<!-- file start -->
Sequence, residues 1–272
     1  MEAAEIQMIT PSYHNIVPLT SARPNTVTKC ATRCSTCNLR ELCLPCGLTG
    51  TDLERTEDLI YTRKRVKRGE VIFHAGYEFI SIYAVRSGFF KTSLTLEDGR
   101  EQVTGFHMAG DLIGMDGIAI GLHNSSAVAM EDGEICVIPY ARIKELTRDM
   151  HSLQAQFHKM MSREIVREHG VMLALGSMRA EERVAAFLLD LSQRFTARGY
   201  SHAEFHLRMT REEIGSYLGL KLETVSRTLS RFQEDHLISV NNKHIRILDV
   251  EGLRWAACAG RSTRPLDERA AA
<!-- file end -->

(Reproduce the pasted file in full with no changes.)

Sequence, residues 1–272
     1  MEAAEIQMIT PSYHNIVPLT SARPNTVTKC ATRCSTCNLR ELCLPCGLTG
    51  TDLERTEDLI YTRKRVKRGE VIFHAGYEFI SIYAVRSGFF KTSLTLEDGR
   101  EQVTGFHMAG DLIGMDGIAI GLHNSSAVAM EDGEICVIPY ARIKELTRDM
   151  HSLQAQFHKM MSREIVREHG VMLALGSMRA EERVAAFLLD LSQRFTARGY
   201  SHAEFHLRMT REEIGSYLGL KLETVSRTLS RFQEDHLISV NNKHIRILDV
   251  EGLRWAACAG RSTRPLDERA AA